Research Topic

Key Players in Systemic Sclerosis: The Immune System and Beyond

About this Research Topic

Systemic sclerosis (SSc, also called scleroderma) is a complex rare multifaceted disease characterized by three main mechanisms: fibrosis, vascular involvement and autoimmunity. Fibrosis primarily affects the skin dermis. However, the lungs, heart, and/or digestive tract may also be involved. Fibrosis is the consequence of an excessive accumulation of collagen promoted by abnormal fibroblast activation. Vascular impairment in SSc leads to the development of Raynaud’s phenomenon, telangiectasia, digital ulcers, pulmonary arterial hypertension and/or vascular renal crisis. These features render SSc a very peculiar autoimmune disorder. Autoimmunity in SSc is mediated via immune cell activation and via production of autoantibodies against three main target autoantigens, namely Topoisomerase 1, CENP-A/B or RNA-polymerase III. SSc has a poor prognosis globally, and its treatment is mainly palliative and based on symptomatic therapies, vasodilators and immunosuppressants. Therefore, advances in our understanding of the crucial actors and mechanisms that underlie this disease are essential for improving therapy and patient outcomes.

A myriad of questions regarding SSc pathogenesis still remain unresolved. The lack of truly effective treatments prompts research teams to improve the understanding of this disease and to develop innovative therapeutic approaches. The mechanisms leading to fibroblast activation and endothelial impairment are likely dependent on environmental, genetic and epigenetic factors, with a special role of endogenous and/or exogenous oxidative stress. Recent studies focusing on the link between cancer and SSc, demonstrated that the immune response could be directed against malignant targets. Metabolic pathways (such as those implicating PPAR-gamma) are also likely important for SSc development and could represent novel therapeutic targets. Mesenchymal stem cells could be causative actors or –conversely- therapeutic agents for SSc, and their potentially double-sided status in SSc is currently under intense investigation. Several pharmacological approaches are also under development to counteract fibrosis and vascular impairment in SSc.

In this Research Topic, we aim to focus on various cellular, molecular and environmental actors involved in SSc, in relationship with the immune system, and on innovative therapies for SSc in order to advance our understanding and treatment of this disease. By exploring the most recent advances and discoveries in this field, this Research Topic aims to transition our understanding of SSc pathogenesis from its old conception to a modern view. We welcome the submission of Original Research, Review, Mini-Review, Perspective, Case Report, Clinical Trial and General Commentary articles presenting studies on animal models of SSc and/or human SSc patients. The topics to be covered in this Research Topic include:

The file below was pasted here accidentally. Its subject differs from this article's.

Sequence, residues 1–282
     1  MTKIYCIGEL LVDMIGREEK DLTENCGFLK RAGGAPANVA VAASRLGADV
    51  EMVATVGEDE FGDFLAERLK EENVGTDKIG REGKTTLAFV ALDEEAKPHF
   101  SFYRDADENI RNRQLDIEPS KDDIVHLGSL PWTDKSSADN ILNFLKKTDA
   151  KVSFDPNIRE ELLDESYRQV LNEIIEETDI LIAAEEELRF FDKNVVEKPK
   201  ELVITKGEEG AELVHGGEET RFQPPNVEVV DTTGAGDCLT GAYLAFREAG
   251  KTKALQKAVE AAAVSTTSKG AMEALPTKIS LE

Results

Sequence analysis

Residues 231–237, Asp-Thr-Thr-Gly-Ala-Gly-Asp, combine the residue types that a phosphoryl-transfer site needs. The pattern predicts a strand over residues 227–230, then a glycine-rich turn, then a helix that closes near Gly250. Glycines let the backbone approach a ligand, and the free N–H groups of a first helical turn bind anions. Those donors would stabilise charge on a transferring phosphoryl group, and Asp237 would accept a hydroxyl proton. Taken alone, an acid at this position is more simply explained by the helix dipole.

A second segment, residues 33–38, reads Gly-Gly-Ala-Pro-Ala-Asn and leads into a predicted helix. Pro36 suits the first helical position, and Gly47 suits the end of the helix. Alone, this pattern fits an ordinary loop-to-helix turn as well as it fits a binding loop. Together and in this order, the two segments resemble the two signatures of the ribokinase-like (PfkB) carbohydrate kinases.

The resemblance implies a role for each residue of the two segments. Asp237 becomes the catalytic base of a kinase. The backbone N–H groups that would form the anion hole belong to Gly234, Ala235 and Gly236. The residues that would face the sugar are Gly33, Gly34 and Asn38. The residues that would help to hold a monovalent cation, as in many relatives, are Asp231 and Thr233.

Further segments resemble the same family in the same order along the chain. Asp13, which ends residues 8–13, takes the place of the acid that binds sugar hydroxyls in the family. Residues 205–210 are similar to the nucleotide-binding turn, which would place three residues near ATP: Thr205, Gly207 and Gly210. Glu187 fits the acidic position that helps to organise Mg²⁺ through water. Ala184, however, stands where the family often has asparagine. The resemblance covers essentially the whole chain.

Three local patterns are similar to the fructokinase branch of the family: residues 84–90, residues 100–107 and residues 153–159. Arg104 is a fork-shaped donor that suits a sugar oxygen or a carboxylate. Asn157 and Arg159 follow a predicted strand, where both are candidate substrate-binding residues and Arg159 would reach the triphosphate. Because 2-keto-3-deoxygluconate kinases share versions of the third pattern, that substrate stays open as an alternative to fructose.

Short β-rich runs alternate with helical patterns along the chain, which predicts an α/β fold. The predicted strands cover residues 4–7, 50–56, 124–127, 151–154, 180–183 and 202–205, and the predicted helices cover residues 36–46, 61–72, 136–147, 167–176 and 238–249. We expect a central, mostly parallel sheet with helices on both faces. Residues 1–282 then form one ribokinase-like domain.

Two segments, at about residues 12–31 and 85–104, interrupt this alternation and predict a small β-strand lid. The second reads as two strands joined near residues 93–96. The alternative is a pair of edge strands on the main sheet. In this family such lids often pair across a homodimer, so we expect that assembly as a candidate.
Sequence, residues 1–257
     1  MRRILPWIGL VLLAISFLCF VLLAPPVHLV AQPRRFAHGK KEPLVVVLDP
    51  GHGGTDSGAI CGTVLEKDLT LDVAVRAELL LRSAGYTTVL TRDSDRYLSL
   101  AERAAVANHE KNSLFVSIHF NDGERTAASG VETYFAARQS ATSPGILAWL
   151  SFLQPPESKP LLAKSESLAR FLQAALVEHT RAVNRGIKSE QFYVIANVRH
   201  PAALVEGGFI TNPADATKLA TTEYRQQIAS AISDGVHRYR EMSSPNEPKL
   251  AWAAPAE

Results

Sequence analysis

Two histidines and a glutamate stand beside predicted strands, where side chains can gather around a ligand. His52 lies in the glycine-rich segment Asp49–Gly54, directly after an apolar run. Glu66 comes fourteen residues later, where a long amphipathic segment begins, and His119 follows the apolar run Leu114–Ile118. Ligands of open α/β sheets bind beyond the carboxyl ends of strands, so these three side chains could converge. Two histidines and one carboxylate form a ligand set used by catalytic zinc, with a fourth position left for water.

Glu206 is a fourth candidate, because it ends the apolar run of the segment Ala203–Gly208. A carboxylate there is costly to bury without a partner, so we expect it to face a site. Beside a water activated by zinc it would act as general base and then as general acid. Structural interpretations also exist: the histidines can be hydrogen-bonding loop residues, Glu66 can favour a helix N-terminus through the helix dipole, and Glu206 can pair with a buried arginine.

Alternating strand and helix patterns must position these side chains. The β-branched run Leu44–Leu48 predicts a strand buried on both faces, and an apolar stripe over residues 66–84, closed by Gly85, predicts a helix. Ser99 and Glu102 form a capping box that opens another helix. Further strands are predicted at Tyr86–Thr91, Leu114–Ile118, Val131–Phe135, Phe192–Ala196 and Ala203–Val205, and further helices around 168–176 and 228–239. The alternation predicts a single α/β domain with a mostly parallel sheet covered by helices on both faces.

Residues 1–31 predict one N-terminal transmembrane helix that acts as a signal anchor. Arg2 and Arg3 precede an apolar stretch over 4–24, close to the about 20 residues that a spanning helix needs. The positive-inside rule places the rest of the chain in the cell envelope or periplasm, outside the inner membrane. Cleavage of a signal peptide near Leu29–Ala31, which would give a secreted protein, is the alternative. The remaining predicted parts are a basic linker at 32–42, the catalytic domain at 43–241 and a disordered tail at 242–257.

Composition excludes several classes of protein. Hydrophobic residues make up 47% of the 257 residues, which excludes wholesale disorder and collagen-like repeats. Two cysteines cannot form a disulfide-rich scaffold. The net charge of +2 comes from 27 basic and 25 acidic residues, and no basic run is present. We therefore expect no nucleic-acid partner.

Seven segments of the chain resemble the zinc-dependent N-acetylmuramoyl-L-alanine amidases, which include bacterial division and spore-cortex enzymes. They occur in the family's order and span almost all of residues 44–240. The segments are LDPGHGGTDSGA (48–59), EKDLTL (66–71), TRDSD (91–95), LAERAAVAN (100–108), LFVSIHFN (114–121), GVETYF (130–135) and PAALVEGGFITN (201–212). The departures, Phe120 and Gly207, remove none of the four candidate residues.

1. The relationship between SSc clinical phenotype and autoantibodies.
2. Cancer immunosurveillance and immunoediting in SSc.
3. Immunomodulatory functions of stem cells in SSc.
4. Immune system and epigenetics in SSc.
5. Environmental factors, oxidative stress and immune system in SSc.
6. Metabolic pathways and immune system in SSc.
7. Breakdown of immune tolerance in SSc.
8. Immune system as a target for pharmacological and cell therapies (including MSC-based therapies and HSC-based therapies).


Keywords: Systemic sclerosis, Endothelium, Fibrosis, Autoimmunity, Therapy


Important Note: All contributions to this Research Topic must be within the scope of the section and journal to which they are submitted, as defined in their mission statements. Frontiers reserves the right to guide an out-of-scope manuscript to a more suitable section or journal at any stage of peer review.